Israel Houghton: Love God, Love People: The London Sessions

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Posted September 13, 2010 by J Matthew Cobb in Reviews 1.0

israelhoughton00A legendary studio, even-higher expectations and a credible list of coworkers aren’t able to give the singer/songwriting worship leader the strength to surpass the greatness of his previous record

Renowned worship leader Israel Houghton proved once and for all that he could live without the New Breed banner when he delivered his first impressive solo album, The Power of One. Although Power of One was not his first recording as a solo act and in the studio, it measured out to be his most celebrated and critically-acclaimed works of art. It earned him two Grammy nods and a win for Best Pop/Contemporary Gospel Album. Once again hoping to keep the fire burning, Israel returns to the studio setting and gets a little more creative by journeying overseas to the historic Abbey Road Studios in London for his latest pilgrimage, Love God, Love People. The London Sessions. Although the multi-talented songwriter/singer maintains his We Are the World motif by addressing social plights, economical disparities and the Great Commission, he languishes too long in a pool of conjoined musical experiments and concepts that never musters up the boldness of his previously-mentioned musical event. Intending to be as illustrious as a Stevie Wonder epiphany and another one of those modern Abbey Road experiments, it only diminishes just how valueless a studio session like Abbey Road is in the modern digital era when it still sounds like another typical Israel session and that it lacks the pop gravy it’s historically known for inheriting (The Beatles, Pink Floyd).

Not everything on Love God, Love People is poised to disappoint. Particularly the ballads, this time around, holds up the flaming torch for the album’s solemnity. The jazzy sultriness of “That’s Why I Love You,” tagged with scriptural comforts (“That’s why I love you/Because you first loved me”) is just one of the perfect reminders of Houghton’s creative smartness. “Others,” a bonus leftover from the iTunes version of Power of One, also lands on the disc; uncovering his heart’s call and responsibility to help the forgotten and to “love others the way that You love me.” It stands as a poignant moment for Houghton leaving him isolated from the presence of backing singers and only in the company of calming strings. The seven-minute “Surprises” swings into dreamy rock and jumps into three dimensions of color and shade with Fred Hammond and finds the perfect poetic way of desciribing God’s love for His chosen people (“Crazy about me/Daddy/Madly”). The title track, the only interesting uptempo track present, is glittered up with P!nk/Lady Gaga/Adam Lambert glam-pop; just enough to give the gospel jam an occasional OMG moment. The lyrics and the harmonious background workers are the tools of balance the song needs to help spread it into gospel markets.

Elements of rock, reggae and electronica shaped some of the better compositions on Power of One, but the experiments on Love People, Love God just doesn’t match well with its predecessor. “Name of Love” is designed like an U2 pop song with its loud hand claps, synthy layout and occasional guitar licks, but it never gels with melodic propensity. “Mercies” opens with a Motown beat and EWF horns but unexceptedly hits a bump in tempo with a slowed-down, motionless bridge. “Our God” aims at going for the hip-hop amalgam, but only finds its brilliance in its synth programming while lacking the necessary bass and drum pulse. “Love Rev” is probably Houghton’s biggest gimmick yet, as he opens the set with a WTLS radio deejay acting like P-Funk’s Chocolate City personality. Houghton struts in a funky blues chord, saturated in Muddy Waters cooking oil, but later abandons the style in exchange for a folksy pop chorus.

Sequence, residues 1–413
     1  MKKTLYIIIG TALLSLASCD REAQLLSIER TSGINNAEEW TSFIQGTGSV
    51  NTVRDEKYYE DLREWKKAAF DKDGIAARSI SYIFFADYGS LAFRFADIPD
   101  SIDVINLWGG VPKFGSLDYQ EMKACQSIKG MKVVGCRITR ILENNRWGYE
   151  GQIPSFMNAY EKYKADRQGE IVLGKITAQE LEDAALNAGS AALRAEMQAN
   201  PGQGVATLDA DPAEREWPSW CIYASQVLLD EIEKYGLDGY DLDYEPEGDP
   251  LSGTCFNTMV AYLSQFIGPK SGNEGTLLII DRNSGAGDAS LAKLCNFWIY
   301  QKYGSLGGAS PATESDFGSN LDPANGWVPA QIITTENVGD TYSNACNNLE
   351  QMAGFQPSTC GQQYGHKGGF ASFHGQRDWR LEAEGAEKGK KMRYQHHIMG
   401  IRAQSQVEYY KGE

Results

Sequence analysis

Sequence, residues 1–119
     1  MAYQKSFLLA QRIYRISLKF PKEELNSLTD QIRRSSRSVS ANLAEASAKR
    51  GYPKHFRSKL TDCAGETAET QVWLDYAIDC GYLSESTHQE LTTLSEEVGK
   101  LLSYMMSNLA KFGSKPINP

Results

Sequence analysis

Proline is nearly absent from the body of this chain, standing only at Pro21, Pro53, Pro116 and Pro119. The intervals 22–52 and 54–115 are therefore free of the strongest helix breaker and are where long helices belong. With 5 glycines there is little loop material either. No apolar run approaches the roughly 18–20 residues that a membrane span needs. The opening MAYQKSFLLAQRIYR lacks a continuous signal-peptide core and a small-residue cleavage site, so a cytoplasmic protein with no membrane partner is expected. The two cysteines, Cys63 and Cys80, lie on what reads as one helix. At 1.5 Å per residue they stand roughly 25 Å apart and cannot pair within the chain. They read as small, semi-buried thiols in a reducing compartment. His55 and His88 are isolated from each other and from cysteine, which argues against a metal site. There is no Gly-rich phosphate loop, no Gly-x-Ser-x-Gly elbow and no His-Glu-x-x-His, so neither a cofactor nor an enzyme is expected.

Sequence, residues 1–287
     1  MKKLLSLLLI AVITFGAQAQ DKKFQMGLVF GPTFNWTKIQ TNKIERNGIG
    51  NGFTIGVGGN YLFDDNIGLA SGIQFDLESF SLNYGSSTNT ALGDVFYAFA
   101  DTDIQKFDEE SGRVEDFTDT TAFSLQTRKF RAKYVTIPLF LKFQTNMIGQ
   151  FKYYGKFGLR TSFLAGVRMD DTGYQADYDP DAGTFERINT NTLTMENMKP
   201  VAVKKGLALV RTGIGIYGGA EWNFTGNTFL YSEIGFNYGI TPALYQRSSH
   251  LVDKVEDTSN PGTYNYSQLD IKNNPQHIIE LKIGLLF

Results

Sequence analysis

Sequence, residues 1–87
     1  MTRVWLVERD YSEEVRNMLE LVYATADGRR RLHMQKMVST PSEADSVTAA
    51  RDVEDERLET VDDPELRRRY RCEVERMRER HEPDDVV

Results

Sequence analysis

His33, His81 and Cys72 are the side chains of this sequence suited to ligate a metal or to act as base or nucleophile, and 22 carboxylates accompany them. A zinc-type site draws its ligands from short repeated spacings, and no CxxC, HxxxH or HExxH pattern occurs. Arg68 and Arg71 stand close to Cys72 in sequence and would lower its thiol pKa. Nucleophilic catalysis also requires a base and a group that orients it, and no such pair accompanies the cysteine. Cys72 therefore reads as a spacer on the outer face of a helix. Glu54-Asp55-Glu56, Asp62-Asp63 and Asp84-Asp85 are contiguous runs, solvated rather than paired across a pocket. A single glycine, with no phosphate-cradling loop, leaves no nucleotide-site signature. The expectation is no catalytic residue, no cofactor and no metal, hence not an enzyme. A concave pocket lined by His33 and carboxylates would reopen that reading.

It’s styled as another concept album, a continuation of sorts from Power of One, but the musicality gets a bit choppy in its presentation. When it goes to the right, it goes to the far right. When it wants to mellow up, it drowns out. Much of the songs are drawn out much longer than expected (“Name of Love,” “Hosanna (Be Lifted Higher),” You Hold My World”), also hurting some of its replay value and ultimately pointing out Houghton operating on steam. While encapsulating Love God, Love People, it’s probably a given that Houghton will definitely satisfy the sweet tooths of those who are already addicted to his eclectic world style and infectious energy. But to those careful enough to really critique the workings of Love God, Love People and aren’t afraid to break it down piece by piece for a careful autopsy, they will find some important missing links to the equation and maybe even a few moments of weariness. For the first time in a very long time, even with him being comfortably surrounded by the presences of great masterminds, Houghton seems to be losing his musical might.

J MATTHEW COBB

HIFI DETAILS

  • Release Date: 31 Aug 2010
  • Label: Integrity/Columbia
  • Producers: Israel Houghton, Aaron Lindsey, Tommy Sims
  • Track Favs: Others, That’s Why I Love You, Surprises

About the Author

J Matthew Cobb

Managing editor of HiFi Magazine


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